I was reading the article "Appetite for destruction" in your Oct. 23 edition at the Loop in Chapel Hill today. I asked the counter clerk if they plan on prohibiting guns. He said he gave the sign to the manager but he didn't know what he did with it. I said, "Please tell your manager that unless he bans firearms, this will be the last time we patronize the Loop—and we usually eat here at least once a month." They were also asking folks to complete a questionnaire, so we filled one out that included the same comment.
There are lots of places we can choose to eat and drink, so if we truly think it is insane to bring guns in bars and restaurants, then we need to make sure these establishments will start losing business and money if they continue to permit it.
In the future I plan on calling every restaurant where I am thinking of eating and asking if they are gun-free. If not, then they will be told we won't be eating there. Hopefully, if enough folks stop patronizing businesses that permit guns where families are eating and alcohol is being served, this insanity will stop.
Thank you for bringing this to my attention, and keep up the good reporting.
Paul Schwenke, Chapel Hill
Many fears may be calmed by knowing a simple fact: Concealed-carry permit holders are, by definition, not allowed to consume alcohol while carrying. There are no second chances. If they mess up, their license is taken away.
Mary Nguyen, Raleigh
While I agree with Lisa Sorg that bars and restaurants can ban legally concealed handguns, I disagree with the basic premise that those legally licensed to carry pose a threat to the occupants of these establishments. According to her statistics, we have had only five documented gun crimes involving North Carolina permit holders since 2007. Out of the "more than 379,000 conceal-carry permits active in North Carolina," I consider five abuses in seven years statistically insignificant.
I urge Ms. Sorg to use her editorial skills to pursue punishment for the criminals and felons who carry handguns anywhere they please on a daily basis, and leave the law abiding permit holders alone. Just in the Triangle, I'll bet non-permit holders (criminals) are involved in at least five documented gun crimes every day. This is where our focus and energy should be directed.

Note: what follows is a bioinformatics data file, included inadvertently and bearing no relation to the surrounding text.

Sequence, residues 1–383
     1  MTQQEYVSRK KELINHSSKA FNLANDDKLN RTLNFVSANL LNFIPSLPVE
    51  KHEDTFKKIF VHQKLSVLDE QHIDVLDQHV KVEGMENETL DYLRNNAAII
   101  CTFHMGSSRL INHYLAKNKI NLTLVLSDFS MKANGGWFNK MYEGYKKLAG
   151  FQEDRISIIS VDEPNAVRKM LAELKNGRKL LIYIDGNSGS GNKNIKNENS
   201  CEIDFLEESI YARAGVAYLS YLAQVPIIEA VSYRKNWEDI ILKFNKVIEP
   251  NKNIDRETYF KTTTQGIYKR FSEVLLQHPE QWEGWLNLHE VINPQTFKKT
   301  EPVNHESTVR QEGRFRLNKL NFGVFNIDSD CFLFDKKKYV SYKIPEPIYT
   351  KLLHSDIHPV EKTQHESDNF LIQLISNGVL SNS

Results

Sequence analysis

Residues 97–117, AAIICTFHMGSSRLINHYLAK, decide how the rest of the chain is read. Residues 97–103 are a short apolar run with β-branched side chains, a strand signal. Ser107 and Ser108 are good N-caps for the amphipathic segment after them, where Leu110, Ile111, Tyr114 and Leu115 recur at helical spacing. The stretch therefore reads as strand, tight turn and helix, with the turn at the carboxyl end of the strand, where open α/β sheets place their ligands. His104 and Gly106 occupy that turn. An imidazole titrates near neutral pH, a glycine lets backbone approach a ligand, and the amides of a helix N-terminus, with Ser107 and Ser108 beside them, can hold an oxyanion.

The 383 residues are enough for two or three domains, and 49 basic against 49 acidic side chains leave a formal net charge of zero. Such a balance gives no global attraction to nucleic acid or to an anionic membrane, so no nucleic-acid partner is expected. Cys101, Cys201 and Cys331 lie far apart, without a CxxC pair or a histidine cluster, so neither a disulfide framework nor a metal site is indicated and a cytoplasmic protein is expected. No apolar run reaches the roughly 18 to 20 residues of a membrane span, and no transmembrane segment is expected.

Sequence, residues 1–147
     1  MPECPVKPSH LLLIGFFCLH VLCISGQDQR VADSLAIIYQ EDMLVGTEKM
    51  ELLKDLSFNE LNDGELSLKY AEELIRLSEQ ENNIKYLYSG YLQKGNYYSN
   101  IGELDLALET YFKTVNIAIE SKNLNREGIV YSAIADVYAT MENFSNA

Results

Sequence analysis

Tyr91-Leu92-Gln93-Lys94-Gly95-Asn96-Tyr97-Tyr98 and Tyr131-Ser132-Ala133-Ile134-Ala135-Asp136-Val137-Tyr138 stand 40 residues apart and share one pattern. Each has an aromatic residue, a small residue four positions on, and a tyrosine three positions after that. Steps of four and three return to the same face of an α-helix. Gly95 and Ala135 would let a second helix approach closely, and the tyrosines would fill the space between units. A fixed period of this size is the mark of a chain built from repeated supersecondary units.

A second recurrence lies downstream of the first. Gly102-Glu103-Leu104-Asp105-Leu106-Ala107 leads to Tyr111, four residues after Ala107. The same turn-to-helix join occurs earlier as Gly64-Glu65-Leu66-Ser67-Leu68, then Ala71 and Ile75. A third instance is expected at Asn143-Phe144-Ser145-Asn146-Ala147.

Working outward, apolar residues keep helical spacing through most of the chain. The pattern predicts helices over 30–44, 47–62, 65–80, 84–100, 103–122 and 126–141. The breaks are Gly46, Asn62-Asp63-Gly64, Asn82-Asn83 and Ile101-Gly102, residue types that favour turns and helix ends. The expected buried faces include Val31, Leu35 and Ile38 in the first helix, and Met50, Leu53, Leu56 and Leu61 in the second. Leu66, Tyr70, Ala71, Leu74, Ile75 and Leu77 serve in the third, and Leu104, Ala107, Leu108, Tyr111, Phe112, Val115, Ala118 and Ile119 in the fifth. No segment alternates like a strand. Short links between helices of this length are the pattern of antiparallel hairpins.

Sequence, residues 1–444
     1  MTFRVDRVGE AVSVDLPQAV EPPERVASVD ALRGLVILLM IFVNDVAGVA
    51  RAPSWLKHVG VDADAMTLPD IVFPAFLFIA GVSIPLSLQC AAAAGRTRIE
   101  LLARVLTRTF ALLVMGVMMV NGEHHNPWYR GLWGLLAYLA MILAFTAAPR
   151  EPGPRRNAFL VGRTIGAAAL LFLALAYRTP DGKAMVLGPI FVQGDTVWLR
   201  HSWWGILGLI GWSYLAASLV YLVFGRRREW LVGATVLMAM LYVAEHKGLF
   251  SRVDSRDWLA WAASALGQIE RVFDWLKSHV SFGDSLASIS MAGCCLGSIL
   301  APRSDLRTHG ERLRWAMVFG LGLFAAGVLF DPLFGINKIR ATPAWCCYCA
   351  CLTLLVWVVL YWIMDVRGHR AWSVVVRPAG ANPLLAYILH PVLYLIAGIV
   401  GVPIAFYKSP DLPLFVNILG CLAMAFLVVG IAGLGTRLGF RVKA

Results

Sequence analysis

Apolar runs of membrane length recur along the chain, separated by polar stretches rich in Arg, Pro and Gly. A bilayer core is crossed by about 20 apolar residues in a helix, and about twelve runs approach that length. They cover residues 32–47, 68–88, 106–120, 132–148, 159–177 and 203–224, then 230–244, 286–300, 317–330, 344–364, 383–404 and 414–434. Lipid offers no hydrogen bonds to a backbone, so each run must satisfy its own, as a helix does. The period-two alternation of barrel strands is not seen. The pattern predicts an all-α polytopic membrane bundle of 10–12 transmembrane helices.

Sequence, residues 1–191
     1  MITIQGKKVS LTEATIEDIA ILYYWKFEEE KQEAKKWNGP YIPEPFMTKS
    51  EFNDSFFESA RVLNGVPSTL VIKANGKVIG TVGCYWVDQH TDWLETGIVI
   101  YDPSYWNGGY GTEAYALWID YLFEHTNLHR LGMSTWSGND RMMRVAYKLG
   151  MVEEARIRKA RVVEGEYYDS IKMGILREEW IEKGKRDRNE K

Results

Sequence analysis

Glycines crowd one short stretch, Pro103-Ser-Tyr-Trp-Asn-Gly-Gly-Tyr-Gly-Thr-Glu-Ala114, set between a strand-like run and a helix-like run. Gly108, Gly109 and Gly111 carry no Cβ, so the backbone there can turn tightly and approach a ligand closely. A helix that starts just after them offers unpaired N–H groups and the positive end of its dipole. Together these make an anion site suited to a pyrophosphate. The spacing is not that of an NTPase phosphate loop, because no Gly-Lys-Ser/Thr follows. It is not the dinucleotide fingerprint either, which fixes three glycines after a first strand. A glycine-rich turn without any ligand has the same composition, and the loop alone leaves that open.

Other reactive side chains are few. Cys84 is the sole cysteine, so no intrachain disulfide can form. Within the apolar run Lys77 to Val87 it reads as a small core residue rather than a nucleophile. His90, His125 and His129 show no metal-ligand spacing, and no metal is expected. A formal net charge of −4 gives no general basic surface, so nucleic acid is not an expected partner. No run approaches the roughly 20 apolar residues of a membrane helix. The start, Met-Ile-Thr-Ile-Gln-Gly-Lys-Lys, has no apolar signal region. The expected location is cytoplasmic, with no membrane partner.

Ed Weintraub, Chapel Hill
Editor's note: The story also stated that it is impossible to document the actual number of incidents involving conceal-carry permit holders because information on their identities is not public.
The N.C. Association of Realtors is a well-run, member-friendly and very useful organization ("Realtors enter Durham City Council race," Oct. 23). I use their services frequently and am a better Realtor for it. I do not resent one dollar I pay to them in membership dues. It is also true that NCAR is a powerful organization with significant political influence and deep pockets. Members are encouraged—heavily—to support the PAC, but it is not required, and I don't. I understand the desire to support the industry and work for the best interests of the members, but I do not always agree with the PAC's point of view. I think it often works for the short-term interests of its members instead of taking the long view of what is in the best interest of homeowners, tenants and the economy as a whole.
As a real estate broker, I am distressed that an arm of NCAR is throwing so much money in Pam Karriker's direction. I heartily disagree with her that the Neighborhood Improvement Services Department's rental inspections program limits access to affordable housing in Durham. The program successfully limits access to unclean, unsafe housing, but it does not need to hurt affordability. Landlords can keep a residence in a state of cleanliness and repair without too much expense and effort, particularly if they stay on top of small repairs and make the effort to hold tenants accountable for reasonable cleanliness and maintenance.
This is not an onerous demand on tenants and is normal at the higher end of the rental market. I have seen too many rental properties where a small water leak, ignored by tenant or landlord, becomes a huge maintenance issue and a health hazard. When landlords enforce maintenance and cleanliness policies on tenants, it benefits everyone, even in the most affordable housing.
Blandy Costello, Durham
I much appreciated your article "The Holy See is blind" (Oct. 16). You obviously took much time to gather all the factual information that supports the documentary Pink Smoke Over the Vatican. The voices of open-minded, progressive Catholics are seldom heard in the secular press. Three cheers for Mary Walek and the members of SWIM, who took the lead to bring Fr. Roy Bourgeois to Raleigh.
Sue Yarger, Raleigh